Mr George Park: asked the Minister for Trade if he will assess the impact on the different elements in the balance of United Kingdom visible and invisible trade in 1982 of the common agricultural policy of the European Community.
Mr George Park: Is the Minister aware that the common agricultural policy now costs Britain over £2 billion annually, this sum coming from United Kingdom taxes and going straight into the EC budget? To rub salt into the wound, British consumers have to pay considerably more for their food than current world prices would justify.
Mr George Park: Will the Secretary of State give way?
Mr George Park: Yes, but not to me.
Mr George Park: asked the Minister for Trade when next he plans to meet the chairman of British Airways to discuss the finances of the airline.
Mr George Park: How much taxpayers' money has gone into British Airways in the past two financial years?
Mr George Park: Does the Secretary of State agree that if compulsory strike ballots had been in operation during the recent water workers' strike, that incident would have been unduly prolonged?
Mr George Park: asked the Secretary of State for Social Services whether he has any plans to reduce the numbers of general practitioners relying on deputising services.
Mr George Park: As over 43 per cent. of general practitioners use deputising services, and other doctors make different arrangements, is the Minister completely satisfied that the 1978 guidelines are being observed?
Mr George Park: Bearing in mind that each fall of 1 per cent. in the inflation rate has led to 200,000 more unemployed, does reducing the inflation rate to zero mean that another 1 million people will join the dole queue?
Mr George Park: In previous debates on the west midlands economy Opposition Members, including myself, have been accused of talking the region down when we were really attempting to gain some recognition and positive action by the Government to remedy the disasterous position in the west midlands. The choice of subject by the hon. Member for Birmingham, Northfield (Mr. King) and other initiatives by midlands...
Mr George Park: I have known the hon. Member for Birmingham, Selly Oak (Mr. Beaumont-Dark) for too long to be silly enough to allow him to intervene at this point. Conservative Members may have been helped on their way since the Government take no notice of Opposition Members. However, they may be prepared to accept statements by bodies which have no connection with the Labour party. I refer to the west...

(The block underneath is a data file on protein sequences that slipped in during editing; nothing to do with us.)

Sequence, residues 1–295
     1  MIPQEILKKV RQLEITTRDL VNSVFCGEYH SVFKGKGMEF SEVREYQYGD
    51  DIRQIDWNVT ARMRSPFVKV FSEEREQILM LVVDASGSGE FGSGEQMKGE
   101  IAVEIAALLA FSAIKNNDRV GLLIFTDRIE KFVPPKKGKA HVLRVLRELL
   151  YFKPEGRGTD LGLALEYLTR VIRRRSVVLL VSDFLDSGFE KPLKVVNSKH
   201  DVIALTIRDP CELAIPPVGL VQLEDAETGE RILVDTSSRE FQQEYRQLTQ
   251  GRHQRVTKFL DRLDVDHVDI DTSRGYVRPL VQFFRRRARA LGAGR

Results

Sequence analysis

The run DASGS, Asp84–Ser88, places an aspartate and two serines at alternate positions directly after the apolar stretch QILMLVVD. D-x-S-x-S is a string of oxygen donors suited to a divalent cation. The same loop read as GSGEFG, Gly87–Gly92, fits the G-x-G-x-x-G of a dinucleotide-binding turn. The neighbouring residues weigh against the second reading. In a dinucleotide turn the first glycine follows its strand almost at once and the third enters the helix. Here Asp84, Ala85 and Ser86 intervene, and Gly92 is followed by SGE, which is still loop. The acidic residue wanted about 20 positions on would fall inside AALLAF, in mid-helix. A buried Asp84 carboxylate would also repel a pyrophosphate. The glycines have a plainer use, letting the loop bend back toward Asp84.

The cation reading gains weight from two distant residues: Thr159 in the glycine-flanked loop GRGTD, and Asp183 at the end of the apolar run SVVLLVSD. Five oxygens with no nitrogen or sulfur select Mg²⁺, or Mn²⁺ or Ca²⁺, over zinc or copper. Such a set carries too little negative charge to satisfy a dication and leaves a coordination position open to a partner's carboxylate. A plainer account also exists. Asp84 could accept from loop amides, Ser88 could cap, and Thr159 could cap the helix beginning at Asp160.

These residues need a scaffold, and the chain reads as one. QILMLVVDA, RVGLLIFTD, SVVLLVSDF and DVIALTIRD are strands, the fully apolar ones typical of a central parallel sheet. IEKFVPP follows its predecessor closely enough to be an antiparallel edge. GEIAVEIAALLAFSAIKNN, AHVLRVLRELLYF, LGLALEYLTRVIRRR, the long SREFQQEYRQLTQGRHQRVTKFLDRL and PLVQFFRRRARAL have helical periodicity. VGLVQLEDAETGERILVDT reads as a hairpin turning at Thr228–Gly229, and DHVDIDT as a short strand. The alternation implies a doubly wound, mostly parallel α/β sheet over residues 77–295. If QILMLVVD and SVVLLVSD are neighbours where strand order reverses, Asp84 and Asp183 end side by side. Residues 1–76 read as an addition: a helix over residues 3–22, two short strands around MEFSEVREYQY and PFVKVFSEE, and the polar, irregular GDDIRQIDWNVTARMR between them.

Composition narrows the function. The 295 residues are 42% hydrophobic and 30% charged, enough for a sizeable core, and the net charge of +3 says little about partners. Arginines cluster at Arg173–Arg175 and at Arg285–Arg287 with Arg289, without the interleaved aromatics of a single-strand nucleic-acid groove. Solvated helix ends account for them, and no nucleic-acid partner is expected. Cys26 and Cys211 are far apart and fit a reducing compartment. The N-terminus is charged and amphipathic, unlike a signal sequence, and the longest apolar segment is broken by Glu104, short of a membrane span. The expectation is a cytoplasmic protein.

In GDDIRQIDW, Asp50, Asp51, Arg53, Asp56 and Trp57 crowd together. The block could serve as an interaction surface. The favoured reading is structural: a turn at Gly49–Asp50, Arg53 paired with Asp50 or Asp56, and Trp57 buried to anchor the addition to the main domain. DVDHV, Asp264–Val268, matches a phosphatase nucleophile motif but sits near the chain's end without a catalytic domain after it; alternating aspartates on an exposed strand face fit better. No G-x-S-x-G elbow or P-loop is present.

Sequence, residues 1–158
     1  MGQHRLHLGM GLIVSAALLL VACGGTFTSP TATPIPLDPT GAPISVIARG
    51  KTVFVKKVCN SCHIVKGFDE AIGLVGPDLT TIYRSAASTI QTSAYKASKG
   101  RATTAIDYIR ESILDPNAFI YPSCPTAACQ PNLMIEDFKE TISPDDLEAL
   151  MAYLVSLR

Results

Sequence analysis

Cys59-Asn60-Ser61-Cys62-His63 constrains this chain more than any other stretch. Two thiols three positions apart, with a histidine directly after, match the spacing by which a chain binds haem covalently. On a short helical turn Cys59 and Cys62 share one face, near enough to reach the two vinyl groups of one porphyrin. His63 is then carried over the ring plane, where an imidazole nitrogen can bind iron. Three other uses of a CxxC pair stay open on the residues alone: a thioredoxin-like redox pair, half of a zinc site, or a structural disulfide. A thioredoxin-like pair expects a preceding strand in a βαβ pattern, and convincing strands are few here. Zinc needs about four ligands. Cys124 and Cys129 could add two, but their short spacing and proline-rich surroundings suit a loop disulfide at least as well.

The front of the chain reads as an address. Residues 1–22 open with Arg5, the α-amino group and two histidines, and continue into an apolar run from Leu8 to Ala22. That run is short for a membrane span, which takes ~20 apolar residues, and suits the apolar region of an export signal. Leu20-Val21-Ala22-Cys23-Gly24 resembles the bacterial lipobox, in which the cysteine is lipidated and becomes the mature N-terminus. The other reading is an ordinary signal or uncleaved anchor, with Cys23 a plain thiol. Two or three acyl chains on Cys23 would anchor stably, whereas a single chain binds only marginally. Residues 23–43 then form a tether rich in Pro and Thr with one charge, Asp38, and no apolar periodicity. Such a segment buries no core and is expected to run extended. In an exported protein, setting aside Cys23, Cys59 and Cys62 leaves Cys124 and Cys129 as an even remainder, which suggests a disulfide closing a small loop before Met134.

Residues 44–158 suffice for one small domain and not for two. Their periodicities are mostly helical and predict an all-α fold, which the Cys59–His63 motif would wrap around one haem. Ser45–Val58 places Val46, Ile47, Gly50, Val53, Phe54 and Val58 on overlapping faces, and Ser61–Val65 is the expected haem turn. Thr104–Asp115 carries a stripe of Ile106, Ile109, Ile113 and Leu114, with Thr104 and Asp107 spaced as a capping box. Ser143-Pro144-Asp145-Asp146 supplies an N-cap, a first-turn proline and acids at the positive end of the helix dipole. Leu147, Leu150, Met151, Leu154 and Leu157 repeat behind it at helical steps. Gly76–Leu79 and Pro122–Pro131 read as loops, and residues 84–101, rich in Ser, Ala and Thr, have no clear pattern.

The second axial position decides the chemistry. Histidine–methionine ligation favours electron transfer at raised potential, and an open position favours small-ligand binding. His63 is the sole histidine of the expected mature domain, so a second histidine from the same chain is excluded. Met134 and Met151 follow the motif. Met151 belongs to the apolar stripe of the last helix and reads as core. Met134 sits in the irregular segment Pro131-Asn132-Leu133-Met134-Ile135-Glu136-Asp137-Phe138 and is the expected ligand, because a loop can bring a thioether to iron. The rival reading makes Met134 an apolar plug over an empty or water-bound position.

Mr George Park: If the hon. Member for Northfield looks at those factories, he will see that that is the case. It goes even further with banks pulling the rug out from under viable companies, such as Cannings in Birmingham, and the Government allowing the taxpayer to be ripped off for the third time, as in the case of Alfred Herbert, and the Minister with responsibility for the west midlands standing...
Mr George Park: I thank my hon. Friend for that contribution. The Prime Minister would have realised, had she stopped to think—instead of taking off on cloud nine on some popular proposal about the rates — that, after commissions and investigations into the rating system under successive Governments, no viable alternative has been put forward. There is no such easily collectable tax as rates, with so...
Mr George Park: The simple answer is no, I do not agree with that string of shibboleths from the hon. Gentleman. I urge him quietly to examine what he said. According to Accountancy Age, rates represent 1 per cent. of manufacturing costs.
Mr George Park: I wish the hon. Gentleman would permit me to answer the question he has already asked. The Government continue to look for scapegoats on which to offload their responsibility for failing to regenerate industry. If the hon. Gentleman examines the rating system carefully, he may find that what I have said is based more on fact than his slogans. Urgent action is needed in many or all of the...
Mr George Park: Does my hon. Friend accept that the trade unions do not have the sanction of introducing new models? That is a matter for management. Therefore, as there have not been sufficient new models in the past, that must be the responsibility of management.
Mr George Park: How many more excuses will the Government trot out before they deal with the Spanish problem? The Secretary of State was very scornful just now about my hon. Friend the Member for Norwood (Mr. Fraser). Does he recall that when he was previously in the Department of Trade some years ago he told me that he would do something about the problem?
Mr George Park: Does the right hon. Gentleman agree that, rather than encroach further on the green belt, it would make more sense to provide more money for derelict land clearance, especially in areas such as the west midlands?
Mr George Park: What are the implications of the review for the west midlands? Will the Secretary of State do anything to stop the continuing contraction, especially in the machine tool industry?